♥ “Where does doctors’ bias against cardiac rehab come from? I think arrogance, actually. Cardiologists sometimes think that it is all about them, that they are fixing you, you do not need the other stuff. They think cardiac rehab is some kind of fluffy do-good yoga and meditation program rather than a serious educational and exercise program designed to give heart patients a better chance at avoiding a repeat. Honestly, I think sometimes they believe you just need the office visits, the meds and you are good to go.” (three heart attacks)
♥ “I only attended for about six sessions. It was good, but I had to pay $60 for each session and find a babysitter each time I went, so I had to stop because I couldn’t afford it.” (SCAD*)
♥ “If doctors aren’t ‘prescribing’ cardiac rehab for those who need it, how would the patient ever know about it?” (sudden cardiac arrest)
♥ “I think cardiologists and other healthcare providers still need to be educated, or educate themselves about the benefits of cardiac rehabilitation. Then perhaps they will properly educate and motivate their patients to attend. Lastly, the nurses and others who actually run the programs must educate patients to make the necessary decisions to make time for their own recovery and not drop out of the programs.” (coronary artery disease, stents)
♥ “I did cardiac rehab for about four weeks and checked myself out. It was BORING! I am a fitness instructor so even though my insurance was paying for it, I knew I could do what they were doing at my own gym and be with my friends and people my own age.” (sudden cardiac arrest)
♥ “Cardiac rehab would have been such a help after my difficult recovery. I slept in a chair for 5 months because of lung complications. I had difficulty breathing and could barely walk. It was a long road back and I was scared to death.” (aortic valve surgery)
♥ “Went to rehab for only a few weeks before I quit. It turned out to be an Old Boys Club. VERY disappointing. I was the only woman there, much younger than anybody else (in my early 40s) and some of the men in my group were in their 80s! I was still working, had young kids at home, stressed out about how on earth I was ever going to manage going back to work, raising my boys, running a household again, all while coping with this scary angina pain. Wish our rehab program had included more than just exercise but also help with the emotional pain too. I’ve also heard about woman-only cardiac rehab groups, would have LOVED that.” (coronary microvascular disease)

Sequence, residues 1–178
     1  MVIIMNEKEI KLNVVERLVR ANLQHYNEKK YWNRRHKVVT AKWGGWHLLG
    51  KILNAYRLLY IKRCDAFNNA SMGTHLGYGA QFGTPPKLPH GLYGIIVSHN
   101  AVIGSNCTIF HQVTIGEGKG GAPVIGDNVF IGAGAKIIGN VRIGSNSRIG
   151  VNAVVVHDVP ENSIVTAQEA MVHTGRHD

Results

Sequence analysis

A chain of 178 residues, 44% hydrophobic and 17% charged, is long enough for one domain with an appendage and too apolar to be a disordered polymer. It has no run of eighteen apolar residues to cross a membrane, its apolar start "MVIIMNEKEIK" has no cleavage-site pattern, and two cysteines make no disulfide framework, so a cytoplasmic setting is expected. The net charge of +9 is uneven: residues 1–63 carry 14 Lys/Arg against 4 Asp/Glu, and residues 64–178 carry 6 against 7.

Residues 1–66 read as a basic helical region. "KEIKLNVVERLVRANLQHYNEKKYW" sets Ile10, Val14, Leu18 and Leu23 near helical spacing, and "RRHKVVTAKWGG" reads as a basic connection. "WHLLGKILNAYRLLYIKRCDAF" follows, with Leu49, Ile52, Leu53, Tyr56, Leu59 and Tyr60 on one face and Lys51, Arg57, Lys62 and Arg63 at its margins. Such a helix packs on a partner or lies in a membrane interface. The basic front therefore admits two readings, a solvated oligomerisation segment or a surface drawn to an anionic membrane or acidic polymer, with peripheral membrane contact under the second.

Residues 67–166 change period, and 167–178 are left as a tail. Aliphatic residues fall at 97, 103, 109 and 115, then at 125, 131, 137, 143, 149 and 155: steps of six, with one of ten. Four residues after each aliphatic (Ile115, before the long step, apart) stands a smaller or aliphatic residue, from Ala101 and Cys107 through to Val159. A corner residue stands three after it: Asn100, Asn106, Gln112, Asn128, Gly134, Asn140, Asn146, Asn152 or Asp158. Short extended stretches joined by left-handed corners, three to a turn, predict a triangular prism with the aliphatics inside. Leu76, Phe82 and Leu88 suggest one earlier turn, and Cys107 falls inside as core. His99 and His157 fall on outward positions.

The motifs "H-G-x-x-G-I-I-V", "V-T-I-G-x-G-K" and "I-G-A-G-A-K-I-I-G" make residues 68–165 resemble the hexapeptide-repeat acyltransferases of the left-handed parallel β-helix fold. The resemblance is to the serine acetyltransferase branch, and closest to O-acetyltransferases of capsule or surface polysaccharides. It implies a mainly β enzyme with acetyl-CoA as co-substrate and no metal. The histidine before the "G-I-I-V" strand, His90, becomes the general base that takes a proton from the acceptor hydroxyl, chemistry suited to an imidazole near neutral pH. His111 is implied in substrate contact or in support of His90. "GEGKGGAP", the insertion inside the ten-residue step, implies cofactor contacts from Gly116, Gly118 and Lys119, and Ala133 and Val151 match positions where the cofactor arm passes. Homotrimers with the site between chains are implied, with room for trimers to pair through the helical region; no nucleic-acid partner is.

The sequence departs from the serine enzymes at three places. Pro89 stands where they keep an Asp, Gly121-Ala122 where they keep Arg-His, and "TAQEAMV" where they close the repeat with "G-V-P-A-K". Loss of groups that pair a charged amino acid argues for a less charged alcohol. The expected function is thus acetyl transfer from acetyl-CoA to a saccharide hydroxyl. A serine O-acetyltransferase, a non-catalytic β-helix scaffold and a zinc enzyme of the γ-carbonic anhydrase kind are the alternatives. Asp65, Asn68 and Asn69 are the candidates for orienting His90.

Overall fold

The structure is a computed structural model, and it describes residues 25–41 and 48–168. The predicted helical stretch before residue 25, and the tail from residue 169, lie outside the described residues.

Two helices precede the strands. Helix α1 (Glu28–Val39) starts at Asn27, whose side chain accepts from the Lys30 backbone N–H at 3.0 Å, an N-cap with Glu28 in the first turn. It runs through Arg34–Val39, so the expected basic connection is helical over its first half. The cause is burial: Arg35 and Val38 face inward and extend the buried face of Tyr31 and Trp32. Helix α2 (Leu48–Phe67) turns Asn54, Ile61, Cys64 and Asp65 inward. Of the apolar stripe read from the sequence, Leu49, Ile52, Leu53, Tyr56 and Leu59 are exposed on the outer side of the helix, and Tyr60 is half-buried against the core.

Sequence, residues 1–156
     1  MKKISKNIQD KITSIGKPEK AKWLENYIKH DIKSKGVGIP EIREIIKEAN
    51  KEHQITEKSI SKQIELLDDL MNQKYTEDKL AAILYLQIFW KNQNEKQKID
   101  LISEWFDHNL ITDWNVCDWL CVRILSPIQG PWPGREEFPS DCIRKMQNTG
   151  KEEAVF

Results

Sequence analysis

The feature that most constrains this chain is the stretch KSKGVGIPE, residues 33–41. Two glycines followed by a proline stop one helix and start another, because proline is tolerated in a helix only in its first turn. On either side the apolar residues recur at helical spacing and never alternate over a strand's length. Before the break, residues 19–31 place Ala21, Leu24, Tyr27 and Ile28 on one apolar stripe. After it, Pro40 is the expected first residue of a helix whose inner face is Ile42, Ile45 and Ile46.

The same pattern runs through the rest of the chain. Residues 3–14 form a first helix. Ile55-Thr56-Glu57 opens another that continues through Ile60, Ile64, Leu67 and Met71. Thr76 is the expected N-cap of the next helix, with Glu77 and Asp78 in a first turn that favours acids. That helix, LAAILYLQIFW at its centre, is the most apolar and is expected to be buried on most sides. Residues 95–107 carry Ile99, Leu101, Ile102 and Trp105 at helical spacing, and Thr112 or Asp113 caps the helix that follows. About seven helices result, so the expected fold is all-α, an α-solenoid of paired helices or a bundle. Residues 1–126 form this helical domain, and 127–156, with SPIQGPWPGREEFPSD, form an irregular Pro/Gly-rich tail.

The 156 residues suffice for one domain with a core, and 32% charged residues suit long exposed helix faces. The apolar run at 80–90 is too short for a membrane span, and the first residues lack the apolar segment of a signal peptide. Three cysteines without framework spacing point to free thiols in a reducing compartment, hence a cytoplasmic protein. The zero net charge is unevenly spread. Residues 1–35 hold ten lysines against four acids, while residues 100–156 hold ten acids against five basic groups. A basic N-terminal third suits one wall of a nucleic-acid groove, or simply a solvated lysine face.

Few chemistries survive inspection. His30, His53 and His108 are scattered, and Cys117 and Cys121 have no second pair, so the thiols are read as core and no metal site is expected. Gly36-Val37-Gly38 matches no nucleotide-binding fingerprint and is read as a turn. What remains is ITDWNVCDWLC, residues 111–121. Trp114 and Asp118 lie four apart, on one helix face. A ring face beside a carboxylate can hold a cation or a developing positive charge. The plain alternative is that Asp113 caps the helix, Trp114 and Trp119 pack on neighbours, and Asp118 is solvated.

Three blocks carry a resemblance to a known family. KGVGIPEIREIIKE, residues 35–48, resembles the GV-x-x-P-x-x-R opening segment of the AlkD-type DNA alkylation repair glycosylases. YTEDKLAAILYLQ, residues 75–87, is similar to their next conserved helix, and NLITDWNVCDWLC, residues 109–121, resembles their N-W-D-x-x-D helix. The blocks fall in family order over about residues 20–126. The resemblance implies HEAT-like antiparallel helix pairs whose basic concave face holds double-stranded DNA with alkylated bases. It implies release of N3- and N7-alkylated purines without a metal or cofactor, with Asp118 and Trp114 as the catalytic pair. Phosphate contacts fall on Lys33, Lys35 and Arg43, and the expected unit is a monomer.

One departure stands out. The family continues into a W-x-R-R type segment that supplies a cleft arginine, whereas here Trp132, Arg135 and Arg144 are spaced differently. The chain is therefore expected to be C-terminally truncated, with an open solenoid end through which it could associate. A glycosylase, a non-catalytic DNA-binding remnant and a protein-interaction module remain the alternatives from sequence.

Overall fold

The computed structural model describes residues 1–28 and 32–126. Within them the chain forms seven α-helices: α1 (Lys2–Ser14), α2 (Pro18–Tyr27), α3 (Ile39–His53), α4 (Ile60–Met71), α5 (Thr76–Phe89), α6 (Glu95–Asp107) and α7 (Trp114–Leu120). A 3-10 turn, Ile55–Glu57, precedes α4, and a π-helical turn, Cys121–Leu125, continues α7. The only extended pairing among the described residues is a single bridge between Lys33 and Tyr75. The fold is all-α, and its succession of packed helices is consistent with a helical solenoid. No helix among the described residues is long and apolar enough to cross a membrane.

♥ “From personal experience, I was NOT one of those patients who ever received a referral. I even asked my cardiologist to refer me to rehab so I could get stronger. Nope. He wouldn’t do it for whatever reason.” (heart attack)
* SCAD is Spontaneous Coronary Artery Dissection
.Thanks to all of my heart sisters who took the time to share their opinions and stories!
NOTE FROM CAROLYN: I wrote much more about cardiac rehabilitation and other ways to improve your chances of survival in my book, “A Woman’s Guide to Living with Heart Disease” . You can ask for it at your local library or favourite bookshop, or order it online (paperback, hardcover or e-book) at Amazon, or order it directly from my publisher, Johns Hopkins University Press (use the JHUP code HTWN to save 20% off the list price).
(1) Arena, R et al. Increasing referral and participation rates to outpatient cardiac rehabilitation: the valuable role of healthcare professionals in the inpatient and home health settings. A Science Advisory From the American Heart Association. Circulation. January 30, 2012
(2) Suaya JA, Shepard DS, Normand SL, et al. Use of cardiac rehabilitation by Medicare beneficiaries after myocardial infarction or coronary bypass surgery. Circulation 2007;116:1653-1662
(3) Boyden T et al. Can increasing referral to cardiac rehabilitation improve participation? Prev Cardiol 2010;13:198-202
(4) Roger VL, et al., on behalf of the American Heart Association Statistics Committee and Stroke Statistics Committee. Heart disease and stroke statistics – 2011 update. a report from the American Heart Association. Circulation 2011;123:e18-e209
Q: If you’re a heart patient who did not attend or complete a supervised cardiac rehabilitation program, tell us why
I was interviewed for this US News article: “Cardiac Rehab: Boosting Your Heart Recovery“
Returning to Exercise (and Training) After Heart Surgery (THE best and most comprehensive overview on this topic I’ve seen yet, written by cardiologist and triathlete Dr. Larry Creswell; especially useful for heart patients who have been regular exercisers before their cardiac event and are wondering how to safely resume their routine)